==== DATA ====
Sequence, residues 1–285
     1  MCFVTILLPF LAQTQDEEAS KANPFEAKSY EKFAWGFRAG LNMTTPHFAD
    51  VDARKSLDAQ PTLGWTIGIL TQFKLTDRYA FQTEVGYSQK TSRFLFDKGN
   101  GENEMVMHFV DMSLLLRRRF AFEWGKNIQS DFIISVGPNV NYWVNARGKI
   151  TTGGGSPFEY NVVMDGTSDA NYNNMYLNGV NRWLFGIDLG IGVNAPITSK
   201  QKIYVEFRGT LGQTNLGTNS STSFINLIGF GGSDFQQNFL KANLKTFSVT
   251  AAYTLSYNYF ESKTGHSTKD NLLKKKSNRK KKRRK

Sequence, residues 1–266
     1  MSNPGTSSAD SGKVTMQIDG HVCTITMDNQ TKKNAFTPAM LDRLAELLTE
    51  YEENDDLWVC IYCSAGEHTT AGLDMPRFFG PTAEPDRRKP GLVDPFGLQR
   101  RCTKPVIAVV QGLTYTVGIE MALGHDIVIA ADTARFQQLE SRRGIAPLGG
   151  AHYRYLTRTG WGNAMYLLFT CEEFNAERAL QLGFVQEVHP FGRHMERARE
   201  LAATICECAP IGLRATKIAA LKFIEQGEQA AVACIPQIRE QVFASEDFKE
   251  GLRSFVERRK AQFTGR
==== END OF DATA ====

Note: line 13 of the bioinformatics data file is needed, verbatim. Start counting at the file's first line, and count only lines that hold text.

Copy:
   201  LAATICECAP IGLRATKIAA LKFIEQGEQA AVACIPQIRE QVFASEDFKE